Countries are ranked in descending order of the share of private expenditure on educational institutions for tertiary education.

Source: OECD/UIS/Eurostat (2017), Table B3.1b. See Source section for more information and Annex 3 for notes (www.oecd.org/education/education-at-a-glance-19991487.htm).

ContextExpand / Collapse

Today, more than ever before, more people are participating in a wider range of educational programmes offered by an increasing number of providers. As a result, the question of who should support an individual’s efforts to acquire more education – governments or the individuals themselves – is becoming increasingly important. In the current economic environment, many governments are finding it difficult to provide the necessary resources to support the increased demand for education through public funds alone. In addition, some policy makers assert that those who benefit the most from education, the individuals who receive it, should bear at least some of the costs. While public funding still represents a large part of countries’ investment in education, the role of private sources of funding is becoming increasingly prominent at some educational levels.

Public sources dominate much of the funding of primary and secondary education, which are usually compulsory in most countries. At the pre-primary (see Indicator C2) and tertiary levels of education, the balance between public and private financing varies more across OECD countries, as full or nearly full public funding is less common. At these levels, private funding comes mainly from households, raising concerns about equity in access to education. The debate is particularly intense over funding for tertiary education. Some stakeholders are concerned that the balance between public and private funding should not become so tilted as to discourage potential students from entering tertiary education. Others believe that countries should significantly increase public support to students, while still others support efforts to increase the amount of funding to tertiary education provided by private enterprises.

Other findingsExpand / Collapse

  • In most countries, the share of public sources in expenditure on educational institutions is slightly higher at primary level than at lower secondary level. Conversely, upper secondary education is less publicly funded than lower secondary education in all countries except Hungary and Poland. Tertiary education receives a higher share of private funding than lower educational levels in all countries.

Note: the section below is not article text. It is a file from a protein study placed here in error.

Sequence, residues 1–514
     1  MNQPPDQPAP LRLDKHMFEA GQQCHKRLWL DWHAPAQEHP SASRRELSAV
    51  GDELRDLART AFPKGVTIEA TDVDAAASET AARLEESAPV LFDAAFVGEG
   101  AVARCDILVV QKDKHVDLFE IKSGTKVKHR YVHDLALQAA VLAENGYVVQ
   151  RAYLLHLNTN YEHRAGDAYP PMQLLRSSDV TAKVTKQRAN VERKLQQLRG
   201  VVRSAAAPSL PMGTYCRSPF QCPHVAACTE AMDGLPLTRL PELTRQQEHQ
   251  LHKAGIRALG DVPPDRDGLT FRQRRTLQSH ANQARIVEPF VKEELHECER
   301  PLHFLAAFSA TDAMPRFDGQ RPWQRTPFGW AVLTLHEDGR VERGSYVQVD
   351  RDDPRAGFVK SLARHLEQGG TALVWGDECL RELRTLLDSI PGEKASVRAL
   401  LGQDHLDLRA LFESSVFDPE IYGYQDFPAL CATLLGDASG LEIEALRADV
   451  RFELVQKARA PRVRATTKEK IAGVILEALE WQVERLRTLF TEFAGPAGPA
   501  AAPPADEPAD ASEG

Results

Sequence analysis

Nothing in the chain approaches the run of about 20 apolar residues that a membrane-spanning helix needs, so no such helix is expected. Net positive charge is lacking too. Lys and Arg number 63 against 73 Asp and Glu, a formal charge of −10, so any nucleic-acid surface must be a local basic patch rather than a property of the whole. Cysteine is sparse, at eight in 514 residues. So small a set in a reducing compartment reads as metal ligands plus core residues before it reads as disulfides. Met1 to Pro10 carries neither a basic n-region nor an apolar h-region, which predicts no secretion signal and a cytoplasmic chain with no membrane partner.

• In primary, secondary and post-secondary non-tertiary education, public sources fund over 85% of expenditure in all countries except Australia (81%), Chile (83%), Colombia (77%), Mexico (82%), New Zealand (83%) and Turkey (80%). They are the only source of expenditure in Sweden. However, there is great variation in the share of public sources at tertiary level. While it corresponds to less than 40% in Australia, Chile, Japan, Korea, the United Kingdom and the United States, it is over 95% in Finland, Luxembourg and Norway.

  • In all countries, except Canada and the Netherlands, households contribute the largest share of private funding for education at primary, secondary and post-secondary non-tertiary levels. In tertiary education, households also contribute the largest share of private expenditure in all but three countries (the Czech Republic, Finland and Sweden).

  • At primary level, annual public expenditure per student is on average across OECD countries much higher in public institutions (USD 8 660) than in private institutions (USD 4 855). However, at tertiary level, the differential is higher, with government expenditure standing at USD 12 656 for public institutions and only USD 4 900 for private institutions.